City Council Member Scooped Up in Anti-Mafia Sweep in Italy
An Italian city council member from the municipality of Bari was arrested for a mafia affiliated vote buying scheme during an anti mafia sweep last week that saw 19 arrests between Puglia and Palermo, Italian state media reported.
According to Ansa, Councilwoman Francesca Ferri was arrested for her role in a 2019 scheme where she paid between 25 and 50 euros per vote to the leader of a local mafia clan, Salvatore Buscemi. In exchange, Ferri would turn a blind eye towards mafia activity in the region.
Also arrested was Ferri’s partner, Filippo Dentamaro, a former regional council member, and head of a local football club. In addition to being accused of mafia-type association, the two are also accused of abusing a ten-year-old boy.
"You don't need to have the mayor, because if you can't have the mayor, you don't have to go crazy," Dentamaro reportedly told Buscemi as he pitched his and Ferri’s utility to him in a conversation which was revealed in Italian court last week.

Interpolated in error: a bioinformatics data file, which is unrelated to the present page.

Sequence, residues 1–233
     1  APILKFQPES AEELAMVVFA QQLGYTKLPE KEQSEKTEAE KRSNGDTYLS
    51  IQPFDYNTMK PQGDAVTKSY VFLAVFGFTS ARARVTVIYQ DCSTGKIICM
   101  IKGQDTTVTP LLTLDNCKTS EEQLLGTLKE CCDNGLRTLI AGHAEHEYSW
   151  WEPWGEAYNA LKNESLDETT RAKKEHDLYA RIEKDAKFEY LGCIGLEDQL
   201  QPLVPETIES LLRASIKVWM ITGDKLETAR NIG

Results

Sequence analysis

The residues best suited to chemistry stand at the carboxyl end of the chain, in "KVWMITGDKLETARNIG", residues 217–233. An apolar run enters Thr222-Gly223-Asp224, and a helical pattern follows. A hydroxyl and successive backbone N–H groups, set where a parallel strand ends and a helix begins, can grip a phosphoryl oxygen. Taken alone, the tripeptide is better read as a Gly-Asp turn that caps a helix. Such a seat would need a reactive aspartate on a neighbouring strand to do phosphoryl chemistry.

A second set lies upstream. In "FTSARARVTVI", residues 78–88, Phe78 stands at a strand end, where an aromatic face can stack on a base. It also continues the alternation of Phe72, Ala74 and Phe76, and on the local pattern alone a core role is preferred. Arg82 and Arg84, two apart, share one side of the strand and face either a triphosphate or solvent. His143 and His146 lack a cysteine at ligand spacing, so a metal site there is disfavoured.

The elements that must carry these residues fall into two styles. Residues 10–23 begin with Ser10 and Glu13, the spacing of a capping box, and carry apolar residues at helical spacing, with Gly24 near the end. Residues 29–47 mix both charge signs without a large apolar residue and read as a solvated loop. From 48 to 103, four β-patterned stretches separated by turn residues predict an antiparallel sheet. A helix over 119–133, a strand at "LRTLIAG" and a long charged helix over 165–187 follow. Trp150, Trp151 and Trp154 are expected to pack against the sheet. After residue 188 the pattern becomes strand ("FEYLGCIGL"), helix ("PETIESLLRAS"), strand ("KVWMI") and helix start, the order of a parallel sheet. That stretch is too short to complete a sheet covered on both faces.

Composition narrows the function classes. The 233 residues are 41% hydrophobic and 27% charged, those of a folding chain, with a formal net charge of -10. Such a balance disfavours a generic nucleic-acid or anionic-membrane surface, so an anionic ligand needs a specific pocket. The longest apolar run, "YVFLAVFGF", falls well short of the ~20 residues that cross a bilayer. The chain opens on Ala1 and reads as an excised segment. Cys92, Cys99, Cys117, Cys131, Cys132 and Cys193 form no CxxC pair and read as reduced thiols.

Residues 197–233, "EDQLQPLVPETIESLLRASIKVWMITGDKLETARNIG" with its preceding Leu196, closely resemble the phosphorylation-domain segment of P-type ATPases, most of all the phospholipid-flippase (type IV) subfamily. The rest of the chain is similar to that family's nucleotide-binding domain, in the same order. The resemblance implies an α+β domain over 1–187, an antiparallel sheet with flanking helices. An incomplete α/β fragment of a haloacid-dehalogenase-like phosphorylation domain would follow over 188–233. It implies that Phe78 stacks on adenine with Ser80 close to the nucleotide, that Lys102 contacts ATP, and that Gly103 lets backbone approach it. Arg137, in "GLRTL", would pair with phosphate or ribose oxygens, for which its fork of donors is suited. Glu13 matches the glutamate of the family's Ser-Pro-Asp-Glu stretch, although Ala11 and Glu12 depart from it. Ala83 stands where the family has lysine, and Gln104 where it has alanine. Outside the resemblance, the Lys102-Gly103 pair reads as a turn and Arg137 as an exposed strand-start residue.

“We command the administration with four councilors, no one in the history of Valenzano has ever had four municipal councilors," Dentamaro said, according to BariToday.
"Neither councilorship, nor Christ, nor Madonna" would be worth as much to the mafiosi as four counselors, he stressed.
Bari is located in Apulia, the home of Sacra Corona Unita, Italy’s fourth most powerful mafia-type group after Calabrian ‘Ndrangheta, the Sicilian Cosa Nostra and Neapolitan Camorra. The group’s 50 or so clans are believed to bring in more than two billion euro a year from their illicit enterprises, which range from drug trafficking to prostitution, arms trafficking, extortion and loansharking.
Ferri’s alleged scheme came just two years after the city council of another municipality in the Bari region, that of Valenzano, – which Ferri was deputy mayor of – was dismantled due to the extent of mafia infiltration into the institution.